Trump is treating his escape from justice as a political win, promising to “emerge soon” into the spotlight. The ex-President plans to use upcoming midterm primaries to seek revenge on Republicans who turned on him and to prove his staying power as the GOP’s de-facto leader.
Republicans’ unwillingness to constrain Trump has led to two impeachments, the loss of the White House, the House and the Senate, multiple abuses of power and Trump’s botched handling of a pandemic that has killed nearly half a million Americans. But the party’s demographic foundation means that the only route to power still relies on a juiced turnout by Trump’s most loyal supporters.
This clash between power and principle is best underscored by McConnell’s contradictory behavior in the trial. The Kentucky Republican voted to acquit Trump on the dubious basis that the Constitution bars trying an impeached President once he has left office.
But everything McConnell does is explained by his driving desire to keep his conference together in the service of maintaining or recapturing power — in this case in next year’s midterms.
“The only thing I care about is electability,” McConnell said.
It is this kind of cynical strategizing that has made McConnell one of the most powerful congressional leaders since Lyndon Johnson. It has also led the Republican Party to a point where it cannot summon itself to punish a former President who staged an effective coup after losing an election.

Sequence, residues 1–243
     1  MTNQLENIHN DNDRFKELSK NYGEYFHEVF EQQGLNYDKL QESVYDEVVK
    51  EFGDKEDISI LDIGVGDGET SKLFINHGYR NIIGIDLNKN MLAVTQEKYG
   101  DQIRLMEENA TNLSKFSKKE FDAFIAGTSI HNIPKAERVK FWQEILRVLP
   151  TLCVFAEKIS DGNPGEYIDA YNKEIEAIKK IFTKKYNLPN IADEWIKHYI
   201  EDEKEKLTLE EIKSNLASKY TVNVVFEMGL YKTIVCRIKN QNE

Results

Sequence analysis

“We have been doing three things at once,” the Connecticut Democrat said. But that balancing act would have come unstuck had the trial dragged on much longer — a factor in Democratic senators pushing back at a surprise bid on Saturday by House Impeachment managers to call witnesses.
“The American Rescue Plan has resources, $130 billion of resources, to facilitate and help schools get there,” Dr. Rochelle Walensky, the director of the US Centers for Disease Control and Prevention said on “State of the Union” on Sunday.
Her comments reflected the new reality that with Trump out of the picture, Biden is about to experience the full glare of scrutiny over the pandemic, the economy and every other unsolved national problem that ends up on a president’s desk.